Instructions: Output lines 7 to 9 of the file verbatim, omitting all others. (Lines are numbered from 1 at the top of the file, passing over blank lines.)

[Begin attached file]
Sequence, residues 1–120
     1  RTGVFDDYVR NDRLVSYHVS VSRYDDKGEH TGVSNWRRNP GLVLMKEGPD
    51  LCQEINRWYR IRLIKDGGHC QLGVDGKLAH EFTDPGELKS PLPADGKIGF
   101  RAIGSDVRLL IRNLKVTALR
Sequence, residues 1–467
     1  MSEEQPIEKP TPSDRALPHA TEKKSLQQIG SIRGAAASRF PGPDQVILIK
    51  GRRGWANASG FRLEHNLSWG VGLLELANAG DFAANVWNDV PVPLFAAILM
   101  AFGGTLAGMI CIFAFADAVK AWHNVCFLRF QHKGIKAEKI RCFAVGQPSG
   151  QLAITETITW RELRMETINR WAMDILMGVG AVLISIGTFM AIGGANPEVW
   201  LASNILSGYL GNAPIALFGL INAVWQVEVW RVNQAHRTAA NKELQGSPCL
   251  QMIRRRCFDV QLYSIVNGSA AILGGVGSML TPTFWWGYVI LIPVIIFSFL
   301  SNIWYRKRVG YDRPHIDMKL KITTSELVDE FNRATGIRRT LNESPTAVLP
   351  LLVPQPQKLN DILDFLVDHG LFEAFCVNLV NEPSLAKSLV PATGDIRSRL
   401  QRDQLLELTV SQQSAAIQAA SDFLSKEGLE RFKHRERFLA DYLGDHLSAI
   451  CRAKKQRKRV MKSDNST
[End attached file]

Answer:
    51  GRRGWANASG FRLEHNLSWG VGLLELANAG DFAANVWNDV PVPLFAAILM
   101  AFGGTLAGMI CIFAFADAVK AWHNVCFLRF QHKGIKAEKI RCFAVGQPSG
   151  QLAITETITW RELRMETINR WAMDILMGVG AVLISIGTFM AIGGANPEVW